Been on a mini-sesame kick here on the blog. I thought it would be appropriate to talk about one of my wife's favorite dressings. This dressing is so good that after one salad, she had to go back in have another. I want to show you how to make a sesame ginger dressing that is simple to make. No special machinery required.
Ingredients for Sesame Ginger Dressing
Dressing begins with oil. For this dressing I want the sesame flavor shining bright, so I don't want my oil to be too assertive. Leave the extra virgin olive oil in the pantry, and turn to a mild flavored oil. I like sunflower seed oil or grape seed oil. You can use canola or vegetable oil as well, but I am more careful about selecting those oils unless labeled as being non-GMO (read my post on Why I Stopped Using Canola Oil)
Here you want to go mild as well, so no balsamic. Rice wine vinegar is the ideal choice, however I used apple cider the last time I made this dressing. Why? Because it's the best vinegar for gut health - which I am working to improve. Make sure to choose a unfiltered apple cider vinegar that contains the mother - which turns alcohol into acid, which is what makes vinegar.
Whenever I make a vinaigrette, I like a 3 to 1 ratio. 3 parts oil to 1 part vinegar, gives me the best results. Not too acidic and when shaken makes a nice creamy emulsion.
Toasted Sesame Seed Oil
This is the key ingredient to what makes this salad dressing amazing. You don't want just any old sesame seed oil, it need to be toasted to bring out that strong flavor. I love the one available at Trader Joe's. It's under $3 and a little goes a long way - thus it will last a while. It needs to be keep refrigerated to keep it from going rancid.
I am all about using fresh garlic in dressings, but in this one I want it as a background player, so I add a little bit of powder.
This is where you want to use the fresh stuff. You can grate the ginger using a box grater or a microplane, which is what I use. No worry about peeling, just grate away. This is the one ingredient I would add a little at a time until you get what you like. I would add it at the very end.
For even more sesame flavor, I add in the whole seed. I like to go with the black sesame seeds. They have a stronger flavor than the white ones. To learn more about where to find them, see my post on Where to Buy Black Sesame Seeds. Also learn the difference between white and black sesame seeds.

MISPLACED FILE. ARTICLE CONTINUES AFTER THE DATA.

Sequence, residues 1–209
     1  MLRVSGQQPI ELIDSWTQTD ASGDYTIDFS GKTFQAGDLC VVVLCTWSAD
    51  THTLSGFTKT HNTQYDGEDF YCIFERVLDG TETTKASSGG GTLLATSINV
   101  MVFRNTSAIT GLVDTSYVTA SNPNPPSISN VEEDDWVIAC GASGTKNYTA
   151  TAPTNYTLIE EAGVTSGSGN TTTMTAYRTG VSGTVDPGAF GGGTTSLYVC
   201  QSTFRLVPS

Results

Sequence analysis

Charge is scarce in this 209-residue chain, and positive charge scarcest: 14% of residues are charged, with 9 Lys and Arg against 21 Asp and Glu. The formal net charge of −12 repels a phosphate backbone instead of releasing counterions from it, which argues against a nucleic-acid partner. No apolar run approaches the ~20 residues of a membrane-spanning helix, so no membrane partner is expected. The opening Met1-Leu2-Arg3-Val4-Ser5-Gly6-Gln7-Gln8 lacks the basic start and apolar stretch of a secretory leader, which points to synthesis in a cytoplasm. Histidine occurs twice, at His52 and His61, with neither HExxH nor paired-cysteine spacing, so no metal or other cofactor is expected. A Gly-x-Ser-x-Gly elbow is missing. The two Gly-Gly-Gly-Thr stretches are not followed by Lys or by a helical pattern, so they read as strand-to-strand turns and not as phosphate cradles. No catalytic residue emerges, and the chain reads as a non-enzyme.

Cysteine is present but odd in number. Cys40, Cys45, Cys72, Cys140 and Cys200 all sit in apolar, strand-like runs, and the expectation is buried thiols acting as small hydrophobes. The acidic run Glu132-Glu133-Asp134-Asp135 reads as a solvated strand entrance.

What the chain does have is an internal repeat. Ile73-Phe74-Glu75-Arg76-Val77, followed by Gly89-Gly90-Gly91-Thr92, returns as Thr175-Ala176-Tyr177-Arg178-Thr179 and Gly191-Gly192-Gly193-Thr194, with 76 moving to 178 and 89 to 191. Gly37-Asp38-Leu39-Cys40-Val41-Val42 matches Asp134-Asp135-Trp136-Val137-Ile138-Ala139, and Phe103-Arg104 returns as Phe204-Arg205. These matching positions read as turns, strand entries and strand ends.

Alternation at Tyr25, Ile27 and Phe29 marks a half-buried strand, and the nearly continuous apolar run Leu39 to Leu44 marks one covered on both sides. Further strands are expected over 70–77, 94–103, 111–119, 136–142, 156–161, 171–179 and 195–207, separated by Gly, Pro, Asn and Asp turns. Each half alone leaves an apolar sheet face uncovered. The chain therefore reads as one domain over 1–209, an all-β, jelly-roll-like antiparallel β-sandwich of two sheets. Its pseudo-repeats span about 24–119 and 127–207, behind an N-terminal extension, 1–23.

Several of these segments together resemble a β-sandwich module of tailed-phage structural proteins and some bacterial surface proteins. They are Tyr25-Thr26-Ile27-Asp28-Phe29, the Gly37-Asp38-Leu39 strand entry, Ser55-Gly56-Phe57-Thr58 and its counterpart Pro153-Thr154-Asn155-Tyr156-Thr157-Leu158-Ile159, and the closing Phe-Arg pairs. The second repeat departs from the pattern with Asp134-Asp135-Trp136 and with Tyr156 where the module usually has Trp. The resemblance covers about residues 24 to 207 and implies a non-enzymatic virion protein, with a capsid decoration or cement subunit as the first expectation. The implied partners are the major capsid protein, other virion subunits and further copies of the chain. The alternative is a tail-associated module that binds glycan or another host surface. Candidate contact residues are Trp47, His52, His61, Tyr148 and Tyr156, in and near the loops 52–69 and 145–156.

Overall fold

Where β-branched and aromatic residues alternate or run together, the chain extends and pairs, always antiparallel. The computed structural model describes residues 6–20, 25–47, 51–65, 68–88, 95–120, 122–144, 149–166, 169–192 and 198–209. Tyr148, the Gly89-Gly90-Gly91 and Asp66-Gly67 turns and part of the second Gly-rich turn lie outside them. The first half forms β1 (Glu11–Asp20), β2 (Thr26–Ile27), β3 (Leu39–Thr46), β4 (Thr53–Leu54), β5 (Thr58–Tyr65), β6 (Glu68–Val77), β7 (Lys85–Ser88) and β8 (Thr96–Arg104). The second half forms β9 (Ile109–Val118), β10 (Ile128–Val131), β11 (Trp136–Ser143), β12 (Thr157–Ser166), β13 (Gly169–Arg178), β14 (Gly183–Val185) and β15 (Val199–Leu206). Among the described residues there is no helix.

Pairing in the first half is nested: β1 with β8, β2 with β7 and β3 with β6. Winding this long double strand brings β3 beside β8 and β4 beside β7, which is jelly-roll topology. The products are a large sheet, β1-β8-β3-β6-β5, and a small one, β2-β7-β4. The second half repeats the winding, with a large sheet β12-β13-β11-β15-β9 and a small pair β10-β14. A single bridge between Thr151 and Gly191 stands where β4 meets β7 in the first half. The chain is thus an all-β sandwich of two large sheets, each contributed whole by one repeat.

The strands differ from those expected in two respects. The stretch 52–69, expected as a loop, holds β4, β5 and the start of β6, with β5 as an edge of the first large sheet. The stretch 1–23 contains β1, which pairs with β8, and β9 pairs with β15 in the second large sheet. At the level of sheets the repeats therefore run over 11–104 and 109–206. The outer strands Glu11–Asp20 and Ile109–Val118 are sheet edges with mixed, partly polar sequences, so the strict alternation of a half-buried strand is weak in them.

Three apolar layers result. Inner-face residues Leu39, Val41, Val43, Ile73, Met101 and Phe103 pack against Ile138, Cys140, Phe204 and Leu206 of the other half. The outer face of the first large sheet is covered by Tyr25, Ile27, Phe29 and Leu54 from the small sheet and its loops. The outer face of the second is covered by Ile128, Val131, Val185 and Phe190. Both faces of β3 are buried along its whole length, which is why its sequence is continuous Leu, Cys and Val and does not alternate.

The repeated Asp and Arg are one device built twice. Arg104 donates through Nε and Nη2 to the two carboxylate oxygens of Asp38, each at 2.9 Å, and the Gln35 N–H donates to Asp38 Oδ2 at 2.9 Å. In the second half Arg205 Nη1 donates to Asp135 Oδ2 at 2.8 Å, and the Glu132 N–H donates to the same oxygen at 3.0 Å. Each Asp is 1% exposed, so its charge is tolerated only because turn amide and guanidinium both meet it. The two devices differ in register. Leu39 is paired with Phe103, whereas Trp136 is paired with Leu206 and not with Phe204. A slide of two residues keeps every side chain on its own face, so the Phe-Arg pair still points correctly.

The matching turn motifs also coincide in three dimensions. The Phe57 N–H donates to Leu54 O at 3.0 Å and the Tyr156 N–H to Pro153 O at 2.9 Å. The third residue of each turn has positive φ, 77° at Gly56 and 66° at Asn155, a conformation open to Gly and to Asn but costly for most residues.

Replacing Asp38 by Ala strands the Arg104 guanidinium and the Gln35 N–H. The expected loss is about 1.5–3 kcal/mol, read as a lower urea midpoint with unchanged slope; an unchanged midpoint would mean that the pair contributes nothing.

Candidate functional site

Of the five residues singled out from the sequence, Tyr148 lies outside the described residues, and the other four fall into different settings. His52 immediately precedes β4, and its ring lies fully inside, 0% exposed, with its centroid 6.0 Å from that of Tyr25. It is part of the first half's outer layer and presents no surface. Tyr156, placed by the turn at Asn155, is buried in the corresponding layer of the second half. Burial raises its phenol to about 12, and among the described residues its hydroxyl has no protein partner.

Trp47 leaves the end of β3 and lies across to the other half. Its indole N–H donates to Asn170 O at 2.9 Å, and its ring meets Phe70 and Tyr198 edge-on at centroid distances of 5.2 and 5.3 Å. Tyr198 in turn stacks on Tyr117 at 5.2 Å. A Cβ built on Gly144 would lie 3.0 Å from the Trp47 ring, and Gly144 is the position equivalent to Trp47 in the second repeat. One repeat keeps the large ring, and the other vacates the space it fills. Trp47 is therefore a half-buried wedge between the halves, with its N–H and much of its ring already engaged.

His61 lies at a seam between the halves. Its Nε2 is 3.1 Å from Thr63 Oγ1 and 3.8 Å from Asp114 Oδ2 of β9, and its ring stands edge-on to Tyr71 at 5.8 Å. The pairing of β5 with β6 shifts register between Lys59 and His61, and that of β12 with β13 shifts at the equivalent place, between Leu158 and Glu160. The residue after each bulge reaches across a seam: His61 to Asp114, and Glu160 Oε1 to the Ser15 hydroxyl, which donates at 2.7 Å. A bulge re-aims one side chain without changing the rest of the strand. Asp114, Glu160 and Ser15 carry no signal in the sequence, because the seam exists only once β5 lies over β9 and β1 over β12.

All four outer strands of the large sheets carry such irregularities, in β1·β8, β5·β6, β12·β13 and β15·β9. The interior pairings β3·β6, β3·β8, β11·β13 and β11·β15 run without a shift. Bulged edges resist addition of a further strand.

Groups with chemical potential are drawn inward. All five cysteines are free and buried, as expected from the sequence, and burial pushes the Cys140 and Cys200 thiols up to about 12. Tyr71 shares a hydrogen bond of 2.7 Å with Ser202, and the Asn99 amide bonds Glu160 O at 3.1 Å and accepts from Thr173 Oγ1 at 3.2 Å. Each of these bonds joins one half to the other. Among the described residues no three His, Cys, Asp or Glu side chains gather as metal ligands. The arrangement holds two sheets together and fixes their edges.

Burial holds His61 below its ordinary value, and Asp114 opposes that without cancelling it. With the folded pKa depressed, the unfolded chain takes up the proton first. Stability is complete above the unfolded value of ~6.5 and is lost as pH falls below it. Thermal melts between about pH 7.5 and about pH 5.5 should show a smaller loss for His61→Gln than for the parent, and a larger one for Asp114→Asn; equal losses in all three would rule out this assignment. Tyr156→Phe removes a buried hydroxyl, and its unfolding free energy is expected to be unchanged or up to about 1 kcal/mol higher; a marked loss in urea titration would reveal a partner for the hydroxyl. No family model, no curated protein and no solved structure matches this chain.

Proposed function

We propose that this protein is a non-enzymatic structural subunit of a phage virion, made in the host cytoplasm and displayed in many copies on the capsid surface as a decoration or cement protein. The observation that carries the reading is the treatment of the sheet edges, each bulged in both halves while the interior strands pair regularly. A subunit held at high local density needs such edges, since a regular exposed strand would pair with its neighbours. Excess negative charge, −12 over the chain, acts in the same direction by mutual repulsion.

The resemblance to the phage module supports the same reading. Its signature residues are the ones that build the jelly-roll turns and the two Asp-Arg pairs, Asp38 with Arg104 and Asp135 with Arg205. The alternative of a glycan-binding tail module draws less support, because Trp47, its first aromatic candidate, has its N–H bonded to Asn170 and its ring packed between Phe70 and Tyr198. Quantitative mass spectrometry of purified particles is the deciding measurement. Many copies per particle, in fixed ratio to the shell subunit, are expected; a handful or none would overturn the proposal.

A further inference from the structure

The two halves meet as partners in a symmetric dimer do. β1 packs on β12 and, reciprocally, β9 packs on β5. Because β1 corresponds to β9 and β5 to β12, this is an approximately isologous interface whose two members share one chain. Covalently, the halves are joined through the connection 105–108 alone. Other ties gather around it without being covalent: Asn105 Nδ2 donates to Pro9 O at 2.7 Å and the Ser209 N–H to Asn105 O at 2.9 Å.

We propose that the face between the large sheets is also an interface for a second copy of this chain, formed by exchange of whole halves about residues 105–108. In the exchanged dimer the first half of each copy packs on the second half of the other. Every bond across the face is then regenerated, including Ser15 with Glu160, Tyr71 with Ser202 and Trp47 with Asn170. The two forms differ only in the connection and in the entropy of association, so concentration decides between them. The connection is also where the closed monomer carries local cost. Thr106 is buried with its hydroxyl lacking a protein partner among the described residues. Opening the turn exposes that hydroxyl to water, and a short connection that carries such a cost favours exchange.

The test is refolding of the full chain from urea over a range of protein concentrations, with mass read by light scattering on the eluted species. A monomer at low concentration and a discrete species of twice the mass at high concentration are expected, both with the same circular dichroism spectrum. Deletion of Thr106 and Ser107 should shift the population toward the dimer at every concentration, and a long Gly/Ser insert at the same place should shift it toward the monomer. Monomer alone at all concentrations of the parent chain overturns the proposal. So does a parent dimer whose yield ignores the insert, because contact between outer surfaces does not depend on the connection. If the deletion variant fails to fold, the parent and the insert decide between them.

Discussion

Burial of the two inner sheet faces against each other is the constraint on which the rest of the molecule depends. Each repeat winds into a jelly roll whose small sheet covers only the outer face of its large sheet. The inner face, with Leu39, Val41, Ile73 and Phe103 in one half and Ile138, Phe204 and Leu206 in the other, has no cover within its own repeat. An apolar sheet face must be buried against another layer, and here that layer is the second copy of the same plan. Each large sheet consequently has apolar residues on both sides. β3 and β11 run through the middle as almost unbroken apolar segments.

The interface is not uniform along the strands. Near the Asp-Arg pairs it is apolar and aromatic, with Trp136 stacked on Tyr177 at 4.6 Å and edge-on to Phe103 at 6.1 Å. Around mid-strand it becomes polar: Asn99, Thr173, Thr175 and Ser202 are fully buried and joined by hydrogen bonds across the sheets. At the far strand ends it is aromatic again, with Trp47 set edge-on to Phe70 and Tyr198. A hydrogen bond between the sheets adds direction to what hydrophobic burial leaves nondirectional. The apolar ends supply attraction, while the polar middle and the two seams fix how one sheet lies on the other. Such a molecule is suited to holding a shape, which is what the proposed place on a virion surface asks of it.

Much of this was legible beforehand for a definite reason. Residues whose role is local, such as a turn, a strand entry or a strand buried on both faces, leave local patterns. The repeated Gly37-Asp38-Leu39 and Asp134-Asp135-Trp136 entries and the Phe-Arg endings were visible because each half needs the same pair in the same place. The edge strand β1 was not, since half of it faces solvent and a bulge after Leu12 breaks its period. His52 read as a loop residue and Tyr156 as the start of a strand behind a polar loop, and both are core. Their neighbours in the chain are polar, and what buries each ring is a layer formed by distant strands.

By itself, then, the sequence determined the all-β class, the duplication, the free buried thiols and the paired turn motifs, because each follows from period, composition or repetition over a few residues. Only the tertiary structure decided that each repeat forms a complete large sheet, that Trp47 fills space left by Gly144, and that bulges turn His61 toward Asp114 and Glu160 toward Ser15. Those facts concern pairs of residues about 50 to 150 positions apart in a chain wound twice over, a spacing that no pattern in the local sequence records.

Pick a low sodium soy sauce. You don't want one that is too salty. The one I used in the photo above is Kikkoman Organic Soy Sauce. I like that it is organic, yet it is bit salty. I only call for a tablespoon of soy in this recipe to provide a little background flavor. If you need a soy sauce alternative you can try Coconut Aminos.
How to Bring the Dressing Together
No fancy equipment needed here. You don't need a blender or food processor. If your power is out in your house, you can still make this dressing! Just mix everything together in any good container that has a lid with a good seal. Even better if it is has a spout for pouring like my Lock & Lock salad dispenser you see above. The best advice I can give you is, taste, taste, and taste some more. What I think tastes perfect may not be what you think tastes perfect. Adjust the ingredients for your palate. Needs more salt, add more. Too much ginger, then back it off. Learn what you like. That's the best think about homemade salad dressings, your completely in control.
- 1 cup mild flavored oil sunflower, grape seed, vegetable, canola
- ⅓ cup apple cider or rine wine vinegar
- 2 teaspoons black or white sesame seeds
- 1 teaspoon garlic powder
- 1 tablespoon low sodium soy sauce
- 1 ½ teaspoons toasted sesame seed oil
- 2 to 3 teaspoons freshly grated ginger
- salt and pepper to taste
- Measure out and combine all the ingredients except the ginger in a container with a tight fitting lid.
- Add the fresh ginger a teaspoon at a time until flavor is to your liking. Shake to emulsify.
- Add salt and pepper to taste.
- Makes enough for about 5-7 side salads.
- Shake well before each use.